Perhaps Sir Stephen Laws’ article of 8 November is an illustration of the trouble that awaits judges who annoy the political establishment. The piece condemns the Supreme Court’s 2019 prorogation decision in the strident terms of a political polemic rather than those more usually applied to legal debate. 

John Gould headshot

John Gould

The Supreme Court, it is alleged, fundamentally failed to understand the working of the UK’s ‘political constitution’ in a way which continues to be highly significant for the ‘political world’. The legal reasoning of our highest court was a ‘debacle’. Subsequent commentary by an ex-president of the court (who was not involved in the decision) is described as ‘mythmaking’ and confecting an ‘implausible fantasy’ and advancing ‘fantastical misconceptions’.

The comment which appears to have exercised Sir Stephen so greatly was to the effect that if the law were excluded from prorogation decisions, the prime minister might decide to send parliament away for two years without recourse.

In a passage reminiscent of many a response to sound legal advice, Sir Stephen effectively says that such a point is silly because in practice that would never happen. Eventually, without a sitting parliament, a government would run out of money, the errant prime minister would be talked out of such a move by the Queen, or it may be assumed that a prime minister would only act in such a way as a prelude to a general election in circumstances in which the executive was more in step with the electorate’s wishes than MPs.

Sir Stephen obviously has great faith in the integrity of both present and future holders of prime ministerial office and the future power and beliefs of our constitutional monarchs. In an echo of a previous age, he even regards the failure to assume that Her Majesty would ride to the rescue as ‘discourteous’. History and the experience of other countries (including those who inherited our constitutional system) are not so comforting. Perhaps eternal vigilance is not the price of liberty after all, and we can sit comfortable, complacent and deluded in a belief in our constitutional exceptionalism. In fact, history and the experience of others show that once the role of a democratic parliament and the courts is undermined by the executive, customary protections soon follow.

Sir Stephen appears to endorse the government’s right to interpret the will of the electorate and to assert it as a source of authority superior to that of parliament itself, or as he puts it ‘a body of parliamentary opinion’. This seems a strangely familiar and sinister construction.

It is possible that, in practice, the example of a two-year prorogation is implausible but cases are not decided on the basis of hypothetical illustrative examples but on principles. Examples test the internal logic of concepts.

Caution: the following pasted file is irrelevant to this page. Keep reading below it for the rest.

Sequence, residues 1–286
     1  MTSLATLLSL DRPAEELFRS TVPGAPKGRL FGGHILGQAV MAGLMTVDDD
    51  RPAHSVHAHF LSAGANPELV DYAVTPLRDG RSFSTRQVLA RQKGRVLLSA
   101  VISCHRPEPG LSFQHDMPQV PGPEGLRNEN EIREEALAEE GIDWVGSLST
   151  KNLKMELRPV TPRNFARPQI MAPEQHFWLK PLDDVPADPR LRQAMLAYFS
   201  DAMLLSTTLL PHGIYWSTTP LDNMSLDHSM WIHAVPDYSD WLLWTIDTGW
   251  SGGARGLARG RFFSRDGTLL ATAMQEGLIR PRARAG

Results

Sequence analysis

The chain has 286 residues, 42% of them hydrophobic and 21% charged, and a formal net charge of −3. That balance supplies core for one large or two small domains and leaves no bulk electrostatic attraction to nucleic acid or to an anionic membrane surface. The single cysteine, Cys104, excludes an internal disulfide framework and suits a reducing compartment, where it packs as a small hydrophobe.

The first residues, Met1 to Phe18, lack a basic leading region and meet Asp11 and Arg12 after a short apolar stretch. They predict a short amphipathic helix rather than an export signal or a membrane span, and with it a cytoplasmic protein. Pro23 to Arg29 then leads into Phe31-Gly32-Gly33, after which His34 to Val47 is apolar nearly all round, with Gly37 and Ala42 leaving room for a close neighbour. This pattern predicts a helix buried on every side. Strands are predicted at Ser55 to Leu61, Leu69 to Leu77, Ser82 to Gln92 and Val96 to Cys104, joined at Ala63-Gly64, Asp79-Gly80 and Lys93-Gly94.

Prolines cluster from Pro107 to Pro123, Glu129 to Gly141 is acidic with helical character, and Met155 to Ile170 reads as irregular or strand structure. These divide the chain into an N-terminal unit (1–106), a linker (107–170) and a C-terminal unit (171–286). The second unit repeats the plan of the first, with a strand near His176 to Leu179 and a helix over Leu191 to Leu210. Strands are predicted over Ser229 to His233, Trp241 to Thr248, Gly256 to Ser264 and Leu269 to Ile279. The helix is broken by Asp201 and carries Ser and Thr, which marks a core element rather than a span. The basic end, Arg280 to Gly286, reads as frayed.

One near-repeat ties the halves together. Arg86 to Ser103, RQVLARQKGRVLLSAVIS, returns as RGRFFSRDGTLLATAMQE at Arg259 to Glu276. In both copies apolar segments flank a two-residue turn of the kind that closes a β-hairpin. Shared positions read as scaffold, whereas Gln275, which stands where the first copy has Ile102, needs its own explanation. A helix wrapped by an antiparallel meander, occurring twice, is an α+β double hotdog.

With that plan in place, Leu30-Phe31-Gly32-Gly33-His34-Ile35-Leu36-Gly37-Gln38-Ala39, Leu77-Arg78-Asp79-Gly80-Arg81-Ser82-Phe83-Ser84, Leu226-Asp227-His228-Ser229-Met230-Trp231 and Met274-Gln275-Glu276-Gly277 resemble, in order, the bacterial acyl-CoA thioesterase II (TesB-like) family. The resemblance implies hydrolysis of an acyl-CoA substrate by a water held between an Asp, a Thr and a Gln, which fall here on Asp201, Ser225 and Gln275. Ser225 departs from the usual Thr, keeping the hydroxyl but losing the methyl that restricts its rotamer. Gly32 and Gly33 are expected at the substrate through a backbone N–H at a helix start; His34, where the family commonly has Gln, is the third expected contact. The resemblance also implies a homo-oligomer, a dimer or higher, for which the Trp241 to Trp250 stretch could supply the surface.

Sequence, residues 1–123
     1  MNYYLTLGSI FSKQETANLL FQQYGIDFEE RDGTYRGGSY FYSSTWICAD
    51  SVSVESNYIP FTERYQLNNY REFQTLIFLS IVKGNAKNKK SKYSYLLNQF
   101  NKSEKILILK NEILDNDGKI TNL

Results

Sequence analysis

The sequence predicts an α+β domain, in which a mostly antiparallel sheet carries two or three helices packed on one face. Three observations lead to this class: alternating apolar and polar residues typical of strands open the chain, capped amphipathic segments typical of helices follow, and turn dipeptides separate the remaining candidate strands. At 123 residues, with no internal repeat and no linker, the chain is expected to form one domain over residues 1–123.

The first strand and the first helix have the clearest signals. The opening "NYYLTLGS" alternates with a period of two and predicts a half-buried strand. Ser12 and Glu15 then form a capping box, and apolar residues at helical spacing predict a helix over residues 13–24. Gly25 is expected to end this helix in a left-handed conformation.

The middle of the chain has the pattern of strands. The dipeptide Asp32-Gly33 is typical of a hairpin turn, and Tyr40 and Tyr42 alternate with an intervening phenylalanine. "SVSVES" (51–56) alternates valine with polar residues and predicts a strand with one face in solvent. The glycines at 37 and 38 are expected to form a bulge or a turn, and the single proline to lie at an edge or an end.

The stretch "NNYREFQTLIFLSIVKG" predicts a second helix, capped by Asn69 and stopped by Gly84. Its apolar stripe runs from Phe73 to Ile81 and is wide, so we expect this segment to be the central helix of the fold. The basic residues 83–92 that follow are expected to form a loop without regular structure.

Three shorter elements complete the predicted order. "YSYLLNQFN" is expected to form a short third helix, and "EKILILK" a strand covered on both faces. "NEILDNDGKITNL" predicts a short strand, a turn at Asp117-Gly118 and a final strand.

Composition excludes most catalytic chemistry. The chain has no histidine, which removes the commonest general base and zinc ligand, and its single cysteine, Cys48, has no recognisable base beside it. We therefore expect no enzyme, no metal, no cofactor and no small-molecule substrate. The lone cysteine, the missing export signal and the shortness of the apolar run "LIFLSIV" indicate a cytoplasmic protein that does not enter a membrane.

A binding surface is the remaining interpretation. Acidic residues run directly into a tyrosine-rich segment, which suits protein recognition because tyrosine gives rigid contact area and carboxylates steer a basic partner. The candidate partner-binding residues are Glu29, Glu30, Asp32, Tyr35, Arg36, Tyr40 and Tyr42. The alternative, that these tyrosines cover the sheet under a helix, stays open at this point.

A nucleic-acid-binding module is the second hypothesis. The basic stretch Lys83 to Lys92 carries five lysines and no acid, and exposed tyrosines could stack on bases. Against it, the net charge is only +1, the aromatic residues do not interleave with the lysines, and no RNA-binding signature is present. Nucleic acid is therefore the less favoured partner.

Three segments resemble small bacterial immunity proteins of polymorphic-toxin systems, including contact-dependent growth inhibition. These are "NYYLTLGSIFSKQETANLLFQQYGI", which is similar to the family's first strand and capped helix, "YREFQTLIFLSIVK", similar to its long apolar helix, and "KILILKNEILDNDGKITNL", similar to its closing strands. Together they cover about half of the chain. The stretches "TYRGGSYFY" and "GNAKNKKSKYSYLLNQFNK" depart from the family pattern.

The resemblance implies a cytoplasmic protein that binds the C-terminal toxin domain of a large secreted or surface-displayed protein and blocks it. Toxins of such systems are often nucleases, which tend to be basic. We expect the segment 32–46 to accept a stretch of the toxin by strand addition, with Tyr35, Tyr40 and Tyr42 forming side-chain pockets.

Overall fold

Thomas Fuller’s statement from 300 years ago, famously repeated  by Lord Denning, that ‘be you never so high, the law is above you’ applies to prime ministers and members of parliament to the same extent as any other person. The legal ability to change the law should not be confused with a right to disregard it.

In fact the principles behind the judicial review of executive decisions ought to be uncontroversial. There is no general justification for attempting to exempt some types of decision from basic requirements of permitted purpose and true reasons.

One must, of course, not be naive. In all judicial systems but particularly in the common law, judges are not producing the single solution to mathematical equations. No one can completely escape from the influence, conscious or unconscious, of their background and beliefs however hard they try. Our judges do, on the other hand, indisputably have public service values, ethical integrity and a desire fully to discharge their oaths, which seems the exception rather than the rule among those engaged in politics. To characterise, as Sir Stephen appears to do, the prorogation decision as the product of a carefully balanced political and legislative solution seems, on the basis of the evidence before the court, quite a stretch.

Sir Stephen’s conclusion is that it is unsurprising and justifiable for the ‘political world’ to take ‘legislative action’ of an unspecified kind to ‘dispel the misconceptions’. There are so many things wrong with this conclusion it is hard to know where to start.

The ‘political world’ is not a recognisable actor in our constitutional system and suggests a group of like-minded politicians presumably enjoying some degree of executive power. Legislation is not a mechanism to ‘dispel misconceptions’, and I can only assume that this means showing the troublesome judges who is boss. The conclusion should be that the law is the boss, not governments or ministers or members of parliament or, indeed, judges. The system is not based on the views or preferences of the ‘political world’ whoever and whatever that is; it is based on individuals in public office properly discharging their responsibilities under the law.


John Gould is senior partner of Russell-Cooke LLP